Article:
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1944 Was The Earliest Written Recipe For A Cheese Ball

cheese ball day

The history of Cheese Ball Day starts at an unusual point in history, when the first cheese ball appeared at perhaps the most unexpected place, the White House. You see, in 1801, there was a farmer by the name of Elisha Brown Jr., who was seeking to present an unusual gift to then President of the United States, Thomas Jefferson. So it was that an unbelievably massive ball of cheese wound up on the White House lawn. How massive? 1,235 pounds. Little wonder that it became known as “The Mammoth Cheese”.

From that point it disappeared into culinary history for nearly 150 years, surfacing in a book by Virginia Safford called Food of My Friends. In this book, a recipe was included for the Cheese Ball, and it wasn’t long after that it found itself a staple of cuisine. “Cuisine?” we hear you ask? That rather requires that there is more than one variation, doesn’t it? If you’re like most people, you’ve probably only seen the variety that’s rolled in toasted almonds. Believe it or not, there are hundreds of varieties of cheese balls available for every imaginable occasion!

  1. The term “cheese ball” can also refer to the puffed air orange snack that can be purchased in the snack aisle.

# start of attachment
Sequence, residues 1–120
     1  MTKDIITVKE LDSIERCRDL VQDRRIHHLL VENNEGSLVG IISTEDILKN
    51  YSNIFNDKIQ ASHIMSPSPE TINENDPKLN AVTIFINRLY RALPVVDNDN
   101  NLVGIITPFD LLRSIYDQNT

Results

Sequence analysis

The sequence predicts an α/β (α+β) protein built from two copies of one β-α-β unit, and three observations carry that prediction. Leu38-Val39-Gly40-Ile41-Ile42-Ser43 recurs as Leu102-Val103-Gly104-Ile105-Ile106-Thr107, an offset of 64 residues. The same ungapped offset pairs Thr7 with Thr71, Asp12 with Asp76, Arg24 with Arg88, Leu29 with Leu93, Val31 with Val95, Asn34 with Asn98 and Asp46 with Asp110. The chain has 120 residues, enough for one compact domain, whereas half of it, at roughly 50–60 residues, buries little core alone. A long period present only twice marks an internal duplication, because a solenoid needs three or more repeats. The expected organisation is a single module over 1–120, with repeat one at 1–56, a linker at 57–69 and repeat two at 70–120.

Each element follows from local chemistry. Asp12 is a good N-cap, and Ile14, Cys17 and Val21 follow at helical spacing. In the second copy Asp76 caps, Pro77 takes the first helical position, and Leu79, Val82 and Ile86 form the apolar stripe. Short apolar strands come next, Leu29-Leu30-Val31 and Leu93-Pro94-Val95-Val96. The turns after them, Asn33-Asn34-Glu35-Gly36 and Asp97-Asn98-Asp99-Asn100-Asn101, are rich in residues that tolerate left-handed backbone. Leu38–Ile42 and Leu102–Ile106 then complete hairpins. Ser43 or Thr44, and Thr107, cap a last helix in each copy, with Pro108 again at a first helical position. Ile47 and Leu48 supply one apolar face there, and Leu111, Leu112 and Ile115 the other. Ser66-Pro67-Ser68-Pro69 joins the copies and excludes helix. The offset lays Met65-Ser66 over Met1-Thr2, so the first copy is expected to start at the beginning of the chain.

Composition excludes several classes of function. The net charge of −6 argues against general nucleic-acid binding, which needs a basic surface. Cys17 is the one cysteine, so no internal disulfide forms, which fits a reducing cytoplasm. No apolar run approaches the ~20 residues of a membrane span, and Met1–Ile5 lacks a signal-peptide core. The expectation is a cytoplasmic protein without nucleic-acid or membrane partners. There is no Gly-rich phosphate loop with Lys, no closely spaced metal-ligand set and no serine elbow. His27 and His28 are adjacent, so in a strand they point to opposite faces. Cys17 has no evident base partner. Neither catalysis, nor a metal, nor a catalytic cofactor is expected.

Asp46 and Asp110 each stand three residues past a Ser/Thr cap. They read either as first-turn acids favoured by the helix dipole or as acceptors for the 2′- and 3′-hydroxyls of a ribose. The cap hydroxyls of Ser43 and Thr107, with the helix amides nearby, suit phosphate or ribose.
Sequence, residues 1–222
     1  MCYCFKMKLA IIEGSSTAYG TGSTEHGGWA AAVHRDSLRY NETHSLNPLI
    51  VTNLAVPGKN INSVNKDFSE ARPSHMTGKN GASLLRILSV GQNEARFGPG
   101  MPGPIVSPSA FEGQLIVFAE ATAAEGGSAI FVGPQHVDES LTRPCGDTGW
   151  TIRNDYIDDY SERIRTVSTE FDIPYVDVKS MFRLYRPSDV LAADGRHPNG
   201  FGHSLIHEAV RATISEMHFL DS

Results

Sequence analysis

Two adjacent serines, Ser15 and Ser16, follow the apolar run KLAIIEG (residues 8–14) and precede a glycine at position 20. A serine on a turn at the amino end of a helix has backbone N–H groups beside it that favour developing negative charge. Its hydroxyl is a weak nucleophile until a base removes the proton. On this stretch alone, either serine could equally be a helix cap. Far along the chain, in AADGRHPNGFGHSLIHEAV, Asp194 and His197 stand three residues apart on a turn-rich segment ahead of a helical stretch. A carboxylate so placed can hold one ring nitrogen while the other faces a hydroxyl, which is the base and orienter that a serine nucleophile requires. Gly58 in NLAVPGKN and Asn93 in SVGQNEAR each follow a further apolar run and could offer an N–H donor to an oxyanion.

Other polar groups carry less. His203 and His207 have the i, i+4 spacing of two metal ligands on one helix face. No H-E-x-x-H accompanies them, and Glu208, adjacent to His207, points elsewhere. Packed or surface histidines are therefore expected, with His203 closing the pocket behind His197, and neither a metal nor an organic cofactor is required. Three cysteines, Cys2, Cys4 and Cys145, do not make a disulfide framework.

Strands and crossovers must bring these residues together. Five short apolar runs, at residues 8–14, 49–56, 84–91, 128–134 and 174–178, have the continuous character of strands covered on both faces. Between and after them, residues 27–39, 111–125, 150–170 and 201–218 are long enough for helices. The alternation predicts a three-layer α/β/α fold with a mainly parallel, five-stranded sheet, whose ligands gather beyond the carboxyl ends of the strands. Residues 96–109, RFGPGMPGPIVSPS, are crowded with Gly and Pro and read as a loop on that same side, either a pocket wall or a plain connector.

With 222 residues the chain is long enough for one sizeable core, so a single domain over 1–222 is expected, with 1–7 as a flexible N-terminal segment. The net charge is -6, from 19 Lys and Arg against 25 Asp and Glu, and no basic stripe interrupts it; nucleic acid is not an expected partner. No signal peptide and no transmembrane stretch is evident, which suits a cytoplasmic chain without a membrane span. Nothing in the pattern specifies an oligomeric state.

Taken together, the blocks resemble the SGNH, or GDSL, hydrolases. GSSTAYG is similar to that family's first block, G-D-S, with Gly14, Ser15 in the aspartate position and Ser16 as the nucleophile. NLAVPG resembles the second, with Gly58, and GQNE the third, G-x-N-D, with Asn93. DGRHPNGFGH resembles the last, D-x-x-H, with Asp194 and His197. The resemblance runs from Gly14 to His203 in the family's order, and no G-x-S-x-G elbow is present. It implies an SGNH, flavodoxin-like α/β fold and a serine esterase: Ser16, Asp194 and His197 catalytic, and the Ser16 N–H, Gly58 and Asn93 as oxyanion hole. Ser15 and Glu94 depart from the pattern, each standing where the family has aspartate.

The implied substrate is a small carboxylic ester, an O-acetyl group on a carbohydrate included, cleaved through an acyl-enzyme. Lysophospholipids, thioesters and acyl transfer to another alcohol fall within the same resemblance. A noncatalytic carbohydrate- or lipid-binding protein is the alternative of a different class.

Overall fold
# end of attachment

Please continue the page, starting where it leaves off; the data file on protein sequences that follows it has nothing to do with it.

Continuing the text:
2. The earliest mention was found in a 1944 cookbook called “Food of My Friends”. The recipe came from a Minnesota housewife.
  3. A “cheese ball” also refers to someone trying to be funny or corny.
  4. Cheese is one of the oldest foods in history, dating back 4000 years to the ancient Egyptians.
  5. Cheese is a generic term for a diverse group of milk-based food products. Cheese is produced throughout the world in wide-ranging flavors, textures, and forms.  There are over 2000 varieties.
  6. Cheddar cheese is dyed orange to give it an appealing color.  White cheddar is closer to its natural color.
  7. Cheese takes up about 1/10 the volume of the milk it was made from.
  8. The terms “Big Wheel” and “Big Cheese” originally referred to those who were wealthy enough to purchase a whole wheel of cheese.


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